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  • 04.25.17

The Department Of Energy’s Reality Show Makes Efficiency Fun

SWAP, now in its third season, pits officials from the governments of Boston and Atlanta against each other in a battle for clean tech supremacy.

The Department Of Energy’s Reality Show Makes Efficiency Fun
“A lot of organizations will say they’re energy efficient, but when you probe it a little, you find they’ve done one building or they’ve changed some lights.”

It’s not easy to communicate excitement around energy efficiency because it’s all about HVAC upgrades, incremental improvements to boiler systems, and LED lightbulbs. But with the Better Buildings Challenge SWAP–an Apprentice-style energy efficiency face-off in which teams from two organizations try to find wasted energy in the other’s operations–the Department of Energy makes a good show of it. Watching teams of energy professionals nitpick each other’s facilities is surprisingly good viewing, even if the made-for-TV rivalry and portentous voiceover feels too much like The Apprentice at times.

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The first installment last year saw Whole Foods take on Hilton Worldwide, before a second pitted the Air Force Academy against the Naval Academy. The latest turns to cities, with Boston taking on Atlanta. Teams from each city visit a range of properties, including airports, libraries, water treatment works, and streets. They find faults in corridor airflows, rhapsodize about rooftop solar panels, and needle each other about phantom light fixtures and the height of heating fans. It’s great fun.

The serious point, says Maria Vargas, head of the Department of Energy’s Better Buildings program, which commissions the web series, is to show how organizations can learn from each other. “Hopefully by seeing real world situations and obstacles, SWAP provides a place for people to learn and feel empowered about making energy efficiencies,” she tells Fast Company. “There’s money investment involved here and people are naturally risk-averse. Seeing other cities do it, and seeing the investments work out, is good information to have.” The first two SWAP series have been viewed about 2 million times on YouTube.

Started by the Obama Administration, the Better Buildings program looks to spread efficiency to the nation’s commercial stock, including offices, schools, and city works. Buildings in total account for at least one third of the nation’s greenhouse gas emissions and in many cases there’s good money to be had from the cost savings earned from efficiency upgrades. The U.S. spends $200 billion to operate its commercial property, Vargas says, and frequently older buildings can deliver 20% savings just from doing basic things, like installing better lighting, heating systems, or windows. “A lot of organizations will say they’re energy efficient, but when you probe it a little, you find they’ve done one building or they’ve changed some lights. We’re pushing a deeper, more thorough approach,” she says.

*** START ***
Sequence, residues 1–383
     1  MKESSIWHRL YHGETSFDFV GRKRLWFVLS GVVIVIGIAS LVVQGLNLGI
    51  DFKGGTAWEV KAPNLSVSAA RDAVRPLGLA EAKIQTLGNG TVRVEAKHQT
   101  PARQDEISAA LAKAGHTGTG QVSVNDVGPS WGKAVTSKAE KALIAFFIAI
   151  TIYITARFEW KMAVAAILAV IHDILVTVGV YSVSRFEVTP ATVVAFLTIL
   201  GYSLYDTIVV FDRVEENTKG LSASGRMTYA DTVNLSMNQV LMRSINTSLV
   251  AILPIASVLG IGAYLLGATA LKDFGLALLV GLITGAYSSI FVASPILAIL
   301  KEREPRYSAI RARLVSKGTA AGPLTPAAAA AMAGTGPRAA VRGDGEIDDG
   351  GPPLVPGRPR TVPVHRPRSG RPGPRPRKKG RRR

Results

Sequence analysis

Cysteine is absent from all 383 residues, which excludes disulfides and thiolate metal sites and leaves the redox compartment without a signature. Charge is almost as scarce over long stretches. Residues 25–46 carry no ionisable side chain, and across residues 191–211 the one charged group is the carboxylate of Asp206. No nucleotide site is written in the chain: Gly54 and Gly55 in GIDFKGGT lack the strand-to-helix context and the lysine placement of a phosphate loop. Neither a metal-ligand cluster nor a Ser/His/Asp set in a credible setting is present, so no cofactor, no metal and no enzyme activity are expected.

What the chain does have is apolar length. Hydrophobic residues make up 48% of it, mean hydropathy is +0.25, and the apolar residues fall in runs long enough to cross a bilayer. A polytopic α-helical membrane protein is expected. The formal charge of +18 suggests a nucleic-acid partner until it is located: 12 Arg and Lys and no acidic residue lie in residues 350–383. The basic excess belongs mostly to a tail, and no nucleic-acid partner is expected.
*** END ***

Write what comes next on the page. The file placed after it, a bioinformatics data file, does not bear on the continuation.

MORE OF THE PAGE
Stephanie Stuckey-Benfield, Atlanta’s chief resilience officer, says appearing in the SWAP helped her learn a few useful things, including how Boston does procurement of energy-efficiency technology. It also made her jealous that Georgia doesn’t have Massachusetts’s regulatory framework, including energy-efficiency targets and a Renewable Energy Portfolio Standard that requires utilities to increase their use of renewables over time. The lack of such measures in Atlanta makes funding projects harder, she says.

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“The city of Atlanta is a bit of bubble where we get [energy efficiency]. That’s not the case with the rest of the state necessarily,” she says in an interview. “We still have some climate deniers that we have to grapple with.”

Austin Blackmon, Boston’s chief of environment, energy, and open space, says having outsiders inspect your facilities can reveal “things even in buildings that were renovated not long ago.” Atlanta’s snoopers identified unnecessary lighting in Boston’s library buildings where natural daylight would suffice, for instance.

“With some of the challenges we’re seeing at the national level, it’s more important than ever that cities work together,” he tells me. “Energy efficiency is really difficult to argue against. It’s all about making America more competitive. If we can use energy more efficiently, we can create more jobs and have more resources available for all Americans.”

Vargas says she doesn’t know if Trump’s proposed budget cuts will see the end of SWAP. She hopes to do one more episode before the axe falls, if that’s what happens. Trump’s budget proposal for 2018 calls for a 5.6% cut at the DOE compared to 2017–about $1.7 billion. The biggest casualty so far is the Advanced Research Projects Agency-Energy (ARPA-E), an internal technology incubator for early-stage energy projects. Trump has said the private sector should fund such work and research funding may already be tapering off. One SWAP costs about $200,000 to produce, Vargas says.

Trump has also issued executive orders culling the Obama Administration’s energy efficiency programs, so perhaps SWAP’s prospects aren’t great. Trump’s attitude to energy in general–including his encomiums to coal–show a man caught in an older time, rather than with the possibilities of doing more work with less power, and producing less pollution while you’re doing it. But then, even if he doesn’t understand the future of energy, Trump does comprehend reality shows. So maybe he’ll tune into SWAP.

About the author

Ben Schiller is a New York staff writer for Fast Company. Previously, he edited a European management magazine and was a reporter in San Francisco, Prague, and Brussels.

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